After Spat Over Ratings, Whole Foods Makes Nice With Organic Farmers
In 2003, long before food retail giants like Walmart got into the game, Whole Foods marked a first in the grocery world: It became certified organic. Not in the sense that it sold some organic items throughout its various aisles. No, Quality Assurance International, “a federally recognized independent third-party certification organization,” deemed the entire grocery store “organic”—despite Whole Foods selling an extensive amount of nonorganic items.
What that designation means is probably lost on consumers—the certification is granted to chains that handle “organic goods according to stringent national guidelines”—but it’s a great marketing tool. If you’re buying food from an organic grocery store, it has to be good for you, right?
The grocer’s “responsibly grown” rating system for produce, which was announced last year, appeared to further blunt Whole Foods’ organic bona fides: It would have labeled some conventional, imported produce “Best” while a similar product from a local, organic farm would be considered “Good.” A group of organic growers, which wrote a letter to co-CEO John Mackey in May, complained that the rating system “is onerous, expensive, and shifts the cost of this marketing initiative to growers, many of whom are family-scale farmers with narrow profit margins.”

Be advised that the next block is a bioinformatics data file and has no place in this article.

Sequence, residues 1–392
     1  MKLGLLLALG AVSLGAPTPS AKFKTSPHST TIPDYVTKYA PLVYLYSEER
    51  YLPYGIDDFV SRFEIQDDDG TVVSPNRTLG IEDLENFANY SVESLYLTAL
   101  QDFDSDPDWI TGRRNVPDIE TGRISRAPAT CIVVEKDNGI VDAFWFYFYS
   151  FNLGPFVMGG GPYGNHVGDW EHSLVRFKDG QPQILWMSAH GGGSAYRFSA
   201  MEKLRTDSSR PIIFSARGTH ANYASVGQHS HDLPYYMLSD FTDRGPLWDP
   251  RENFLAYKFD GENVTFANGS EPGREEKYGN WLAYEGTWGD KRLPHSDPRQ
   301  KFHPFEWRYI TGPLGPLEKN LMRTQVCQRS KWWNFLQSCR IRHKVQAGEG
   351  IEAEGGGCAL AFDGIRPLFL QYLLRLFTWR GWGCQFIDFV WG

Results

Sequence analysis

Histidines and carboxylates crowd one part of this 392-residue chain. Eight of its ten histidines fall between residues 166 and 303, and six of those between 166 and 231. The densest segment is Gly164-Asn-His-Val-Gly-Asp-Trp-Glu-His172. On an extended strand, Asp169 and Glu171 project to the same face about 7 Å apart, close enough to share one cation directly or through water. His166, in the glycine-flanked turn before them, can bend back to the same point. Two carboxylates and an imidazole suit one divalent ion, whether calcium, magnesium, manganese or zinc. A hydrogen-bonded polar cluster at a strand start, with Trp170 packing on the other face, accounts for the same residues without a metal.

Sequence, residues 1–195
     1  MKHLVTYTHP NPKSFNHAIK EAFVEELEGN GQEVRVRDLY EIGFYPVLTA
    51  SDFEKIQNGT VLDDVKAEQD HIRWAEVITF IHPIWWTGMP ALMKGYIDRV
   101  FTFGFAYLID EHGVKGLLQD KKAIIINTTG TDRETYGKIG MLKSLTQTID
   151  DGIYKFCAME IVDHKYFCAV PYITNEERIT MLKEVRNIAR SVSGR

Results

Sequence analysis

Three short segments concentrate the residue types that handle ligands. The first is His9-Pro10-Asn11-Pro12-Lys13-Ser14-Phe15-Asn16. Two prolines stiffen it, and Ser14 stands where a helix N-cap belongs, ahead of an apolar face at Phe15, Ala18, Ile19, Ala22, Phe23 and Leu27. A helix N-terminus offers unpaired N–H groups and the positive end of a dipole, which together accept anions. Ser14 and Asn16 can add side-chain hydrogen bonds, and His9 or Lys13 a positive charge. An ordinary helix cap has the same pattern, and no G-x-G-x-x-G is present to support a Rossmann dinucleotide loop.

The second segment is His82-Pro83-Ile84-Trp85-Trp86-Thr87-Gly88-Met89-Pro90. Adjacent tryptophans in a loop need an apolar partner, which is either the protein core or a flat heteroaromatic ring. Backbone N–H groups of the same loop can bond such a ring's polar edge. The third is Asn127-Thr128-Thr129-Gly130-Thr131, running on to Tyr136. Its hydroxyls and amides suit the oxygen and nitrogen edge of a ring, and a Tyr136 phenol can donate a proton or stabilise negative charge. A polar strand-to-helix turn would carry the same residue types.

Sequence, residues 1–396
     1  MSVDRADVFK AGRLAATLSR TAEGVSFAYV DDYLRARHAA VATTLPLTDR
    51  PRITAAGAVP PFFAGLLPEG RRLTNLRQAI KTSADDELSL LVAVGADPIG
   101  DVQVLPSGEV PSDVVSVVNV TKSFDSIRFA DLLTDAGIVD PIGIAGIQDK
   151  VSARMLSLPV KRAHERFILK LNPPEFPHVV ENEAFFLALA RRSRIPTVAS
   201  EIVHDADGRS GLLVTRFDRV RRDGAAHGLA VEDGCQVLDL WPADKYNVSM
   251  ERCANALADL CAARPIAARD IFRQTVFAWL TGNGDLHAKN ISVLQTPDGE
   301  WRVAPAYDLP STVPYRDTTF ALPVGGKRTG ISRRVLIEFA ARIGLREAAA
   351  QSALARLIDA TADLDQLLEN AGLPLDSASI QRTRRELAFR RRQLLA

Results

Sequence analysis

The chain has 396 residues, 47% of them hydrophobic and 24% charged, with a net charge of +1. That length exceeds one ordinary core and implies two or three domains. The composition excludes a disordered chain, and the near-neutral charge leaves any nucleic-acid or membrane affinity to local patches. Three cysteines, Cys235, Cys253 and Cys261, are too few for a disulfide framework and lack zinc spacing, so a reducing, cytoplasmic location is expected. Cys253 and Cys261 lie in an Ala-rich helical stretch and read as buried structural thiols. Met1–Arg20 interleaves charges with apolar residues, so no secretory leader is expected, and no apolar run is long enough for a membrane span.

But as a joint press release from the California Certified Organic Farmers and Whole Foods announced on Tuesday, the system is being overhauled. The adjustments “will ensure that the leading achievement of USDA’s certified organic growing system is recognized within the rating system and clearly communicated to Whole Foods Market customers,” according to the statement. Products from certified organic growers will receive a “Good” rating by default until the beginning of 2016, giving them a chance to make changes according to Whole Foods’ rating criteria.
So, Why Should You Care? Organic farming may not be perfect—the USDA program is a set of pragmatic standards, not an ideology—but it goes a long way toward limiting the ecological effects of agriculture, which can be significant and damaging. As Whole Foods points out on its website, 5.2 billion pounds of pesticides are used annually around the globe, and agriculture produces between 10 and 12 percent of the greenhouse gas emissions humans create.
As Mark Lipson, a farmer who has worked extensively on organic policy issues, wrote in a post for Civil Eats, “It’s important that organic farming has been brought back to the center of the ‘responsible farming’ discussions.”
“The success of certified organic agriculture (as imperfect as it may be) is the reason we can even debate how to best embody and reward sustainable growing practices within today’s ruthless market system,” he continued. “Organic is not passé. It is not just the ‘floor’ of values-based food marketing. It is the foundation, the bone marrow, the humus-building loam of environmental and social sustainability in the agricultural economy.”